by Veronica Roth
Published on February 28, 2012 by Katherine Tegen Books
Genres: Dystopian, Science Fiction, Young Adult
Buy the Book!
Paperback features over fifty pages of bonus materials, including a sneak peek of Insurgent, an author Q&A, a discussion guide, a Divergent playlist, faction manifestos, and more!
In Beatrice Prior's dystopian Chicago world, society is divided into five factions, each dedicated to the cultivation of a particular virtue—Candor (the honest), Abnegation (the selfless), Dauntless (the brave), Amity (the peaceful), and Erudite (the intelligent). On an appointed day of every year, all sixteen-year-olds must select the faction to which they will devote the rest of their lives. For Beatrice, the decision is between staying with her family and being who she really is—she can't have both. So she makes a choice that surprises everyone, including herself.
During the highly competitive initiation that follows, Beatrice renames herself Tris and struggles alongside her fellow initiates to live out the choice they have made. Together they must undergo extreme physical tests of endurance and intense psychological simulations, some with devastating consequences. As initiation transforms them all, Tris must determine who her friends really are—and where, exactly, a romance with a sometimes fascinating, sometimes exasperating boy fits into the life she's chosen. But Tris also has a secret, one she's kept hidden from everyone because she's been warned it can mean death. And as she discovers unrest and growing conflict that threaten to unravel her seemingly perfect society, she also learns that her secret might help her save those she loves . . . or it might destroy her.
I’m not sure why I liked this book. I know, not the best way to start out a review but it’s something to think about. Divergent has several negative aspects, most (if not all) that would turn many readers off of the whole series, yet I flew through it. This book isn’t a terribly difficult read and flows fairly well if you don’t pay too close attention to detail. On my first read through Divergent, I absolutely adored the book. Now, having reread it in preparation for book 3, Allegiant, I noticed parts of the story I previously ignored during the hype of Divergent‘s release. I still enjoyed the novel, but there are a few aspects I wasn’t a fan of.
Before I say anything else, I am not comparing this book to The Hunger Games. While they’re both dystopian novels, they are two completely separate books. In any case,Divergent addresses an interesting take on the future with a world divided into five factions representing the best parts of human nature. Enter plot holes. The factions are never really described–their creation/history, their purpose, their way of living–outside of generic responses repeated throughout the story. It begs to question, “Is the whole world like this?” Divergent is set in a single city and gated with locks on the outside. But back to the factions–their current states embody the very reasons for war and chaos. Tris’s former faction Abnegation rules the city while remaining passive pushovers too “selfless” to oppose anyone. Dauntless is all about courage and bravery, which only leads to a struggle of who’s the strongest and “let’s beat the crap out of our initiates because being reckless idiots is more important than true courage.” Candor is a group of jerks who are too honest for their own good. Amity reminded me, from the descriptions given, like elementary school where it’s all sunshine, rainbows, and happiness–too peaceful. Last, Erudite seeks knowledge and we all know that knowledge is power, and power leads to greed and lust for more power. Together, this city was doomed from the start.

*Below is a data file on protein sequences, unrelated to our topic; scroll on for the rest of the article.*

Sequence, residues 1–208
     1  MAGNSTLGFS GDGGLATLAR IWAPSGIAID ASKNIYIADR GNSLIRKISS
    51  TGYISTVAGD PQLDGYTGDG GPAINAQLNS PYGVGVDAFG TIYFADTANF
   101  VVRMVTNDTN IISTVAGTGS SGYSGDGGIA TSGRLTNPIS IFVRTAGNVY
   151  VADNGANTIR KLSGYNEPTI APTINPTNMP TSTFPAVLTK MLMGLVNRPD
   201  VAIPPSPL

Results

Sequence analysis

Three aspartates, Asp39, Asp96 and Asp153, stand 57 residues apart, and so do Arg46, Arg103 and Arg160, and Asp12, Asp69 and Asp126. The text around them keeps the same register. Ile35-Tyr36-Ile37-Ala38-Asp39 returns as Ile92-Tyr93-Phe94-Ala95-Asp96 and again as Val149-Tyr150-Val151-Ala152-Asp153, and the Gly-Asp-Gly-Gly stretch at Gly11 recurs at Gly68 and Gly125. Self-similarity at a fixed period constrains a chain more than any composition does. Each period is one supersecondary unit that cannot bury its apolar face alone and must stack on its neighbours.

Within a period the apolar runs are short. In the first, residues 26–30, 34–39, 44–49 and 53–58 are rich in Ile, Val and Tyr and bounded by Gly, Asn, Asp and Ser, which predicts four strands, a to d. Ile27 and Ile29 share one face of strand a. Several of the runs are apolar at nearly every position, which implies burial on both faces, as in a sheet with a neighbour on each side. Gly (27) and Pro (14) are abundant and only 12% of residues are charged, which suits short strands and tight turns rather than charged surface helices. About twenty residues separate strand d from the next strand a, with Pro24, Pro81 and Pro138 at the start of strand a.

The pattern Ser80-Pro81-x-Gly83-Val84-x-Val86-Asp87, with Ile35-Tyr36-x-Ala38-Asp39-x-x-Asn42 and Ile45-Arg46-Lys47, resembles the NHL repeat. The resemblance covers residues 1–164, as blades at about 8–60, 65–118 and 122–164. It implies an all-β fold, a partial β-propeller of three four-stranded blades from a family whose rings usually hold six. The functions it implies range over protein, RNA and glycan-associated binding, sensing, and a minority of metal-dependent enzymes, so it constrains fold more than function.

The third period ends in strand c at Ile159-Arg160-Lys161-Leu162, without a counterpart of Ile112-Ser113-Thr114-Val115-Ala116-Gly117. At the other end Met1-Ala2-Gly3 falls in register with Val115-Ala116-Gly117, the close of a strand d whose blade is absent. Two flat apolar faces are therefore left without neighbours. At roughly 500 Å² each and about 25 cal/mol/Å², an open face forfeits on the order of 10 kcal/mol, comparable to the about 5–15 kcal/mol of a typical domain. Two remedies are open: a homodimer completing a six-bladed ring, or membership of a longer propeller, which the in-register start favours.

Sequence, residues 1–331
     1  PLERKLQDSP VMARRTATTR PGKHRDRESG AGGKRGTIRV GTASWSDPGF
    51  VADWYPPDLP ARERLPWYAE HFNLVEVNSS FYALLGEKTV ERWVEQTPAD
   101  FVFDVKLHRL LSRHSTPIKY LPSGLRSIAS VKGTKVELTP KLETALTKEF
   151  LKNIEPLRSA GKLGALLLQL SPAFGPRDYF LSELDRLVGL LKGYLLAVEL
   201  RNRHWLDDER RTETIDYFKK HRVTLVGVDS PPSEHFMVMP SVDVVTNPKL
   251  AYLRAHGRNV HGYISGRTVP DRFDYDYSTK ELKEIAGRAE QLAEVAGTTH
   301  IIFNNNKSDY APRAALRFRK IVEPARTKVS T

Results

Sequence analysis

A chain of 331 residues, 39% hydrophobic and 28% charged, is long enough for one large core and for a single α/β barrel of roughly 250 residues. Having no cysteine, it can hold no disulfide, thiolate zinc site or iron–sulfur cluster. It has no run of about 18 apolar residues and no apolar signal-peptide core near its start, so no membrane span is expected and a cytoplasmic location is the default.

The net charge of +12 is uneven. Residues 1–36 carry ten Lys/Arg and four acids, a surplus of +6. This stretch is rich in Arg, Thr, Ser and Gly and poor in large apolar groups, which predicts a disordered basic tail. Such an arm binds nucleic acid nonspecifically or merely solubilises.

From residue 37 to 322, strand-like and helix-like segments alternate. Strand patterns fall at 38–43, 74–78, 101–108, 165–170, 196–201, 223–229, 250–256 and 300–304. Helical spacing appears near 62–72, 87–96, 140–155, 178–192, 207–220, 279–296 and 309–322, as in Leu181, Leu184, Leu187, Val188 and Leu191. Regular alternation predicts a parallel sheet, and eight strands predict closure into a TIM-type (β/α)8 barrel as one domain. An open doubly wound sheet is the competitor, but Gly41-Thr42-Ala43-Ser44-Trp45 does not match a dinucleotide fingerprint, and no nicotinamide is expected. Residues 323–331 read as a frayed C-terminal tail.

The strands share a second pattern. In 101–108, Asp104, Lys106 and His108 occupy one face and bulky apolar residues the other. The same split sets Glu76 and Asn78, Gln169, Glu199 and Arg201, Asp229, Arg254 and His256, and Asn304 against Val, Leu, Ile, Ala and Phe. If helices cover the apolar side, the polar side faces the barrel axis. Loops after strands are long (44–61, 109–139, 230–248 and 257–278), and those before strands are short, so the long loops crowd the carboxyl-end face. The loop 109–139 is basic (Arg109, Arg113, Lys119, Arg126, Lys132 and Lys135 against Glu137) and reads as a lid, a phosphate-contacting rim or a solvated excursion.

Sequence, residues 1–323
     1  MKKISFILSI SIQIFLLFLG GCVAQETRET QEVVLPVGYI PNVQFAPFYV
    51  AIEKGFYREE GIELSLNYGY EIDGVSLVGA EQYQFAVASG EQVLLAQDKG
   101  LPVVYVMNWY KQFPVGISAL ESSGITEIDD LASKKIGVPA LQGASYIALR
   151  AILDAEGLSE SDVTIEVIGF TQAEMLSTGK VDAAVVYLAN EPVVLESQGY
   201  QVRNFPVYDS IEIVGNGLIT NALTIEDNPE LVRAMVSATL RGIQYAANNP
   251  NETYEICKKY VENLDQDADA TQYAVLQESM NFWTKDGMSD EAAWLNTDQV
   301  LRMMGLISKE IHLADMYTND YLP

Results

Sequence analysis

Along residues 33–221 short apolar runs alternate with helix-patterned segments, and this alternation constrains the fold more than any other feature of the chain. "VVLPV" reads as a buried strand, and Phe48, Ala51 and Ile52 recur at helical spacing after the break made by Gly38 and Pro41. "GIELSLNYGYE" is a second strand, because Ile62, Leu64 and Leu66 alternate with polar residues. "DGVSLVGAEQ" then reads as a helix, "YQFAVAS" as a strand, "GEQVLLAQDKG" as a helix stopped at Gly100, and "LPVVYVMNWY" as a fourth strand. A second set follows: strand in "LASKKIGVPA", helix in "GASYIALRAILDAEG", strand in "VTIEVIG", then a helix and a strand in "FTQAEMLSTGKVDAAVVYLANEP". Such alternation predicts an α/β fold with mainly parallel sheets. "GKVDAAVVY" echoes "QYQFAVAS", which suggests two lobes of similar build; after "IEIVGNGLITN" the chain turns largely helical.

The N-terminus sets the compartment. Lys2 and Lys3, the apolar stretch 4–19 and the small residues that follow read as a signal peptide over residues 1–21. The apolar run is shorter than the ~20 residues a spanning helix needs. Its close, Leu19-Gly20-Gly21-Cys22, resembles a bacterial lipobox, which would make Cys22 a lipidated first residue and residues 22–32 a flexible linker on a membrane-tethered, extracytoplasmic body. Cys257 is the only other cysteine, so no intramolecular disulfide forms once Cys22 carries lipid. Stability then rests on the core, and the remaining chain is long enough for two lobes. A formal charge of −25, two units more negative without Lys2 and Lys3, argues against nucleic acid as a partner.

Divergent has a lot more action than other dystopian books I’ve read, but all that action comes at a price. Roughly 80% of the novel is about Tris and her initiation into the Dauntless faction. She faces three stages of different trials meant to prepare her for life among the “courageous.” Roth did a good job with her fight scenes, describing in great detail how Tris was beaten to a pulp several times, or how she did so to others. Yet the story didn’t really start until near the end of the novel when suddenly it wasn’t just Tris’s initiation at stake, but the whole city’s safety. That’s a little long to get to the bulk of the story, if you ask me. When I finally reached that point, I wasn’t surprised to see the story take on a predictable path. As for the characters, Tris is a good one, but she isn’t great (and somehow she goes from 400 pages of an average fighter to a total killing machine in the big “fight scene”). Four comes off as the typical brooding, mysterious older guy who just happens to fall for the pixie, child lookalike. Thankfully Roth didn’t subject us to a love triangle on top of all of this.
The lesson from this review is: don’t think too hard while reading Divergent. The city’s system is less-than-logical in terms of what could actually happen, sending its believability rating down a slippery slope. The characters are good–not great. The action scenes are decent but most of the story doesn’t really go anywhere until the last hundred pages or so. The romance is sub-par. Finally, the entire concept of Divergent is just a disaster waiting to happen. BUT, if you ignore all that and read this novel for fun with low expectations, you’ll enjoy it. I know many people raved about this book almost as much as people have ranted about it. My opinion falls somewhere in between and I recommend you read it yourself. There’s a lot of fluff involved but it makes for a soft pillow when you hit the ground of logical reality. Divergent is definitely not the worst dystopian novel I’ve read, nor the most unrealistic, but it doesn’t rank too highly in my mind either.